Plain corruption
By the late 1980s, censorship had almost completely relaxed and Sára's Tüske a köröm alatt (A Thorn Under the Fingernail, 1987) is fiercely critical of the corruption of Party functionaries in direct terms. The need for Aespoian language was by now totally unnecessary, and the film is set in the present.

András, the main protagonist and the thorn of the film's title, is a painter who, sickened with Budapest life, sells all his paintings and retires to the countryside. There he comes up against a local mafia operation run by Party officials, amongst which is a man who, as prison warder in a juevenile detention centre, drove a friend of his to suicide. He falls in love, though, with the daughter of one of his rivals, for which he pays dearly.

Tüske a köröm alatt sees Sára behind the camera once again, and as might be expected, there are plenty of dramatic shots of the Hungarian plains. Unlike 80 huszár, though, the film is surprisingly dialogue driven and the narrative is constrained by Sára's desire to explore a preconeived number of injustices of the system. This makes the film more interesting politically than it is aesthetically.

Sndor Sra's Tüske a köröm alatt (A Thorn under the Fingernail, 1987), with cinematography by the director
  Home on the range
However, both Tüske a köröm alatt and 80 huszár are interesting to read in the light of 1989. Although obviously intended as analyses of Hungary under Communism, they work disturbingly well as critiques of Hungary in transition.

In 80 huszár, an Austrian general is asked why the army does not withdraw from Poland. His firm and pragmatic response is to ask who will take over if the army leaves. The idealistic and humanistic response from a priest about the youth rising up seems hopelessly unfeasible in response and graphically illustrate the problems of removing the Communists from power and raises the question of whether anyone else is fit to govern.

Tüske a köröm alatt, partly because of the vitriolic nature of its criticism, but partly due the unchanging nature of Hungary, seems to be more a work from 1997 than 1987.

1950s paranoia

Sndor Sra's Vigyázók (The Watchers, 1993)
  Secrets and lies
However, in a sense 1989 also reduced Sára's relevance as a director, and this is certainly evident in his film Vigyázók (The Watchers, 1993). Rather than turn himself to contemporary social problems, Sára used the film to examine the nature of Stalinism.

A Hungarian joke from the 1950s says that there are three sorts of people: those who have been taken away, those who are about to be taken away and those who have not yet returned. Vigyázók taps into this paranoid world where nobody can be trusted.

At an informal gathering of friends, Éva, the hostess finds a document underneath the coats which identifies one of her guests as a member of the secret police. She confronts the group with the news and everyone leaves in a hurry. Two men arrive the next day to retrieve the document.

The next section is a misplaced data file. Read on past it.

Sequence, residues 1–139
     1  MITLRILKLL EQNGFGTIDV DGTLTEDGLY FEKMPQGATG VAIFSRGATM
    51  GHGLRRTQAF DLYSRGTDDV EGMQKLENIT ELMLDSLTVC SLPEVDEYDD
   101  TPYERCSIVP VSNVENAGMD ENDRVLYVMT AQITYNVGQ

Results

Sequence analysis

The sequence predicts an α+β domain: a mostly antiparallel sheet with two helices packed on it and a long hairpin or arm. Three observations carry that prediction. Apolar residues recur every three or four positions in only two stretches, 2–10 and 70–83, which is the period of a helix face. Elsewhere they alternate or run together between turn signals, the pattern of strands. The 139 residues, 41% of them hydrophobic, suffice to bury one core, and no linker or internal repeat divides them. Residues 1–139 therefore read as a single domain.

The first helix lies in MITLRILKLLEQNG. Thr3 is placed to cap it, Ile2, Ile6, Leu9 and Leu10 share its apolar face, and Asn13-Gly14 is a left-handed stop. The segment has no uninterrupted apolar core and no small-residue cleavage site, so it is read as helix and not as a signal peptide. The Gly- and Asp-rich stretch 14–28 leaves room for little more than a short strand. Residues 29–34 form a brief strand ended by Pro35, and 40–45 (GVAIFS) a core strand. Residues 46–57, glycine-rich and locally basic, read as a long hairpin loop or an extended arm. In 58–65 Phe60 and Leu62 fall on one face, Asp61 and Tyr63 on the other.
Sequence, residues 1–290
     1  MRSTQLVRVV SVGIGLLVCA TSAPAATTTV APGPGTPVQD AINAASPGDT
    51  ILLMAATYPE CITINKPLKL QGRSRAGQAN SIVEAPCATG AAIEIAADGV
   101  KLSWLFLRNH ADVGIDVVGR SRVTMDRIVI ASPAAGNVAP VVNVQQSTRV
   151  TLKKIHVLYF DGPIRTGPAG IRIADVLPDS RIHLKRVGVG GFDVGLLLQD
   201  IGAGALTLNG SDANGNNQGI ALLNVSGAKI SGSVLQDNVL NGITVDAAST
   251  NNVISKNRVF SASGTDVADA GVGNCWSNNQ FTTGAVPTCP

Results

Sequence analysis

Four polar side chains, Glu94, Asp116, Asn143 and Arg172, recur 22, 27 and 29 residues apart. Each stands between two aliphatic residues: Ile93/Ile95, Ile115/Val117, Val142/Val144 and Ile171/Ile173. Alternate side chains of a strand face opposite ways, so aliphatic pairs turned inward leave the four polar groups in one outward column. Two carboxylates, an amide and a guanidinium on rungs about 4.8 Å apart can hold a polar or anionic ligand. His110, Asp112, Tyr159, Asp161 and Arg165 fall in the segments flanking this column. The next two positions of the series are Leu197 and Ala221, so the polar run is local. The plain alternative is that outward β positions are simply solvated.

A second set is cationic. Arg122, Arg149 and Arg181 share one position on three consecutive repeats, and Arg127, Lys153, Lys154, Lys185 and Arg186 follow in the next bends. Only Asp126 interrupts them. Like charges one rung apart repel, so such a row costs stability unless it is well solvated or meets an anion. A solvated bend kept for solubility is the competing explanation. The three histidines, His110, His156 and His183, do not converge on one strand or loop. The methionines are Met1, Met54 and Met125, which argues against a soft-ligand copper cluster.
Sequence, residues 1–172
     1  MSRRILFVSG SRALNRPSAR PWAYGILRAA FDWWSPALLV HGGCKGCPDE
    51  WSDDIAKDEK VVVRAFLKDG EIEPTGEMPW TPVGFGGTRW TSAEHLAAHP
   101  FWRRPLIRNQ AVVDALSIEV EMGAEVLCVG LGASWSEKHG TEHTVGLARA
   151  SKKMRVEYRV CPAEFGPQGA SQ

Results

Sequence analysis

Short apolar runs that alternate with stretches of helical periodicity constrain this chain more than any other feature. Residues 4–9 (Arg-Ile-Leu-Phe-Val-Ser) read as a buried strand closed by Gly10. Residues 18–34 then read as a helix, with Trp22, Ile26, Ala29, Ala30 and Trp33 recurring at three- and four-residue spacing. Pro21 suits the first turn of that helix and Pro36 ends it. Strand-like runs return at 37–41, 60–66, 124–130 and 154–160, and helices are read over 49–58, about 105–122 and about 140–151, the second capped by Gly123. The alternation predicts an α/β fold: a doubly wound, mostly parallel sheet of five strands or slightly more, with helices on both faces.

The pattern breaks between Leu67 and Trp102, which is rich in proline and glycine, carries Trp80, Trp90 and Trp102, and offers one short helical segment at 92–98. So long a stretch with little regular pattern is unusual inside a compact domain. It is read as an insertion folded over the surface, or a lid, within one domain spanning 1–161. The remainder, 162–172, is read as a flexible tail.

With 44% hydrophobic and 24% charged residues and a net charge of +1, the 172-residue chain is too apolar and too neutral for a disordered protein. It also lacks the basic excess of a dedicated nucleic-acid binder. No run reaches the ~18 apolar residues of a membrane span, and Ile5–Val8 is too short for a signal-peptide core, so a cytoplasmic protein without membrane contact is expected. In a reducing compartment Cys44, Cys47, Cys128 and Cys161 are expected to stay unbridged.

The rest of the film is spent with the main characters trying to deduce the identity of the mystery policeman (or woman), with just a nod towards Agatha Christie in its atmosphere of chamber detective story. Each person has some incriminating piece of evidence that indicates it is surely them, and each person also has some dark secret that makes it seem impossible that they could be the one.

Sndor Sra's Vigyázók (The Watchers, 1993)
  Unwelcome guests
Vigyázók is a worthy historical recreation and has tense moments, but it is largely a footnote to history and has more worth as a social document than as a piece of art. Whilst it was a valuable addition to the retrospective in that it demonstrated Sára as a director still active in the post-Communist age, it left the nagging feeling that another of Sára's films might have been more revealing, particularly since this film did not have Sára behind the camera.

Aside from the work he has done with Szabó, Gaál and Kósa, Sára's own films from the 1960s - Cigányok (Gypsies, 1962) and Feldobott kö (The Upthrown Stone, 1968) are equally important works and any one of them would well deserve to be screened. In particular, Sára's work as a documentarist was completely unrepresented in the retrospective - a sad omission, particularly given his work in this field has such a strong reputation whereas his work as a director - whilst interesting - is less original.

Still Sára can rightly be called a genius of cinematography, documentary and now - with Duna TV having won a UNESCO award for culture under his stewardship - also of broadcasting policy. Having excelled so well in three fields, we can hardly complain that he is merely very talented in a fourth.

Andrew J Horton, 31 January 2000

Click here to read the Kinoeye's interview with Sándor Sára.

Click here to buy Gyula Krúdy's book The Adventures of Sindbad in English translation.